Three Card Monte
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Basic Information

Three Card Monte, also known as "find the lady" is a variation on a traditional short-playing con that is also found played as the cup and ball trick, the shell game and similar things. This con relies on fast talking, misdirection and sleight of hand and relies on a streetside stall where the con-artist offers the mark a chance to pick a specific card from a choice of three (traditionally one of the queens, hence "find the lady"). The con artist takes the mark's stake, shows him the three cards (normally a queen and two common suit cards) shuffles them and places them face down in a row - the mark then picks one and, if he picks successfully, he wins a prize … if not the grifter takes the stake. Variations allow the mark to "double up" rather than playing again, in the hope of scooping a growing pot on the (theoretical) one in three chance of picking correctly. The variant games place a ball under one of three cups or a pea under one of three shells.

The con comes in the fact that none of the cards/cups/shells is the correct one - the grifter has palmed the marker (and if challenged can usually palm it back to a location the mark didn't choose) - and so the mark has no chance of winning. The con may be enhanced with one or more accomplices - including shills who can be shown "winning" the game to make it appear straight and/or a pickpocket who dips spectators. The accomplices can also disrupt the game if the mark appears to be getting wise and, in extreme cases, stab a mark in the back if he becomes violent. Works best on clueless yokels and other naïve characters who genuinely think that one-in-three chance exists.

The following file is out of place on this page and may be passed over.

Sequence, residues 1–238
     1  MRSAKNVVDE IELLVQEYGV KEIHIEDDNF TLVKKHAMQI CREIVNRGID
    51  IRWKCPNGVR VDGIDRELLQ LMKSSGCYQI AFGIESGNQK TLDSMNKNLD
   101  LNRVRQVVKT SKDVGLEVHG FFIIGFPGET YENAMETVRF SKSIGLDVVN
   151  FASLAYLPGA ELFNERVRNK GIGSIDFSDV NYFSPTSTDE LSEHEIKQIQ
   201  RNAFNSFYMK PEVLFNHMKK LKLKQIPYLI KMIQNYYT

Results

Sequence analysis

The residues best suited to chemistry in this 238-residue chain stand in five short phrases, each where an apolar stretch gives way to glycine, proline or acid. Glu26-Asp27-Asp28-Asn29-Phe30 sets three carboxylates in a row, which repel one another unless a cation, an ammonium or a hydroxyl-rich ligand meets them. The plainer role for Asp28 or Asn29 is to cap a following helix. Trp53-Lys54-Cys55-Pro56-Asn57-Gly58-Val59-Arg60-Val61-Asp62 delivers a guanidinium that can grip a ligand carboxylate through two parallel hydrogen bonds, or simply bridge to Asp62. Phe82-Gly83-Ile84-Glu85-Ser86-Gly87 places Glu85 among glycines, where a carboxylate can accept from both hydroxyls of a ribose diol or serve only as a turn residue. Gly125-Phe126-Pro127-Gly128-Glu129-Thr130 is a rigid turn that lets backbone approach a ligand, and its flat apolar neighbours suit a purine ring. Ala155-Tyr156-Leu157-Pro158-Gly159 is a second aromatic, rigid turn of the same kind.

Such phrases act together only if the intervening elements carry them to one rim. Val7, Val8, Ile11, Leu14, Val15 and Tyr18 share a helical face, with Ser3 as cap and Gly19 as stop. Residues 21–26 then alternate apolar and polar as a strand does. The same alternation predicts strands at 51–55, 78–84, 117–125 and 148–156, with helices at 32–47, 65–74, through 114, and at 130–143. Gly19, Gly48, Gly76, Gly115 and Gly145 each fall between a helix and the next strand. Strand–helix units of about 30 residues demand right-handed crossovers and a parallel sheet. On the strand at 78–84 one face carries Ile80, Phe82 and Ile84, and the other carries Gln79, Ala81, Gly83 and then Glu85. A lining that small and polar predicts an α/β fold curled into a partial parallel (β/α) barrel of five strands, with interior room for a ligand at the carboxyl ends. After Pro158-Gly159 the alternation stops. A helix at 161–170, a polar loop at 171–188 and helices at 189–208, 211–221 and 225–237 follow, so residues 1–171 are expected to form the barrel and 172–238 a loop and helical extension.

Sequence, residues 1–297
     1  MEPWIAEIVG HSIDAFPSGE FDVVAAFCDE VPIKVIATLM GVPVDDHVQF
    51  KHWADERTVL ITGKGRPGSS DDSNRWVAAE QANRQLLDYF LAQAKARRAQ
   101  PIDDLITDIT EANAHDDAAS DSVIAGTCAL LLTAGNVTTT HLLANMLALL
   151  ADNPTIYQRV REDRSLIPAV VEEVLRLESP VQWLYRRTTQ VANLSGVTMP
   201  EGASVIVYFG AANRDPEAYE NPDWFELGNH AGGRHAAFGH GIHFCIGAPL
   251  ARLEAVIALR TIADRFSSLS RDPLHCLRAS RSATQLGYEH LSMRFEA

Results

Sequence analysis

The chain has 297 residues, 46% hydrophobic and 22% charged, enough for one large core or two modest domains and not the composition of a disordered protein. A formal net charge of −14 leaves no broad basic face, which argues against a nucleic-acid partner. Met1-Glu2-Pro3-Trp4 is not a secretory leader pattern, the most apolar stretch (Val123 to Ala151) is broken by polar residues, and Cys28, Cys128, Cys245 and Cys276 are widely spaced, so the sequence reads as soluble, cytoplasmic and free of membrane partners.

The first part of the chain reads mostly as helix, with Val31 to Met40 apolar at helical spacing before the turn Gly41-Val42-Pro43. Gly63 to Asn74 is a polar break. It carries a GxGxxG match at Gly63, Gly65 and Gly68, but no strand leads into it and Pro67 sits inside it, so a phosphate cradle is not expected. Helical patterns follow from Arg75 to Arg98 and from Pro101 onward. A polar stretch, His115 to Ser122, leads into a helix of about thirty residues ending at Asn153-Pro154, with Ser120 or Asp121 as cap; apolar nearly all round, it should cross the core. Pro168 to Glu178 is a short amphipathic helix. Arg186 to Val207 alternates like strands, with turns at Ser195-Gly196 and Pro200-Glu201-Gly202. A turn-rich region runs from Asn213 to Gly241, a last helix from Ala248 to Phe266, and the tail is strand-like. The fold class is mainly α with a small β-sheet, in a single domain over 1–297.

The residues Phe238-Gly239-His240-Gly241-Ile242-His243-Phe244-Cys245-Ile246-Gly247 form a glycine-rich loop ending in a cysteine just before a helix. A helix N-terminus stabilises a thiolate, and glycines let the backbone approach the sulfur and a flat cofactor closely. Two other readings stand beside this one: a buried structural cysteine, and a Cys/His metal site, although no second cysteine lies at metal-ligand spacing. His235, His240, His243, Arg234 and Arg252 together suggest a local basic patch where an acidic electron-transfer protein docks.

This is not a particularly lucrative scam, working best for small stakes and often, but is usually greasy enough that the police won't take an interest. In some jurisdictions it may not even be a crime to run this con (and/or it may be impossible to prove that you have been conned as opposed to being very unlucky) whilst in others it may be illegal to play and so the mark has no recourse to law.


1. full source reference

Game and Story Use

  • Traditionally when this con appears in fiction, the hero places his hand on one cup and then shows that the ball isn't under the other two … so it must be under his one right? The accomplices are there to disrupt the game before this can play out … one way or another.
  • Also a good place for the heroes to find their party thief, down on his luck and running a cheap swindle, showing that he is basically harmless (as opposed to supporting himself through some less family friendly crime).
  • The shell game can be played more ways than for pennies on a street corner:
    • Which of three helicopters is the president in? Actually, he's in a chartered taxi cab pulling in at the service entrance.
    • Which of the many deadly, trap filled branches of the master-thief's tomb is the mcguffin down? None of them - it's actually underneath the statute at the entrance that explains that you have to pick a branch to explore.
  • Can also be found as a straight game at county fairs and church fetes (if played for donated prizes, rather than cash, or if the return on stake is set right you can still make money on a one in three payout) … which, frankly, only trains people to be taken in by the con artists.
  • Don't underestimate the use of one scheme to run others, either. A loud and flashy game (whether legit or not) can draw victims for cutpurses or a ready audience for some other scam, or even just be a distraction to keep someone from catching the trick to some other con.
  • "Three Card Monty" also sounds like a reasonable name for an NPC … especially one who is often found running this con. Or one who is "a couple of cards short of a hand" depending on local tastes…
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